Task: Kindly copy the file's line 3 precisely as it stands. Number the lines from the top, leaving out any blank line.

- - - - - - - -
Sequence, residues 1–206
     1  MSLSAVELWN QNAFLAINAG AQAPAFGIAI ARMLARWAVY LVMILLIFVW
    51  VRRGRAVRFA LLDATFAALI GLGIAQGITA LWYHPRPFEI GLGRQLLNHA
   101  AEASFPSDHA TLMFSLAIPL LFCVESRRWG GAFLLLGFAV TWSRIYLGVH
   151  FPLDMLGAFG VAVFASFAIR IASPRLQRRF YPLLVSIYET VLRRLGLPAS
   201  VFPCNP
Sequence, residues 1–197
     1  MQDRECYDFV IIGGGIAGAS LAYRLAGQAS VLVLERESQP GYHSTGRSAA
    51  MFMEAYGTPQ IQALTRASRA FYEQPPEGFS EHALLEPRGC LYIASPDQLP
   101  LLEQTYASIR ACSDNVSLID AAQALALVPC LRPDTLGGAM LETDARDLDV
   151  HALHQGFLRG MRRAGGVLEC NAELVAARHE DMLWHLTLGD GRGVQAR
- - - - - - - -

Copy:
    51  VRRGRAVRFA LLDATFAALI GLGIAQGITA LWYHPRPFEI GLGRQLLNHA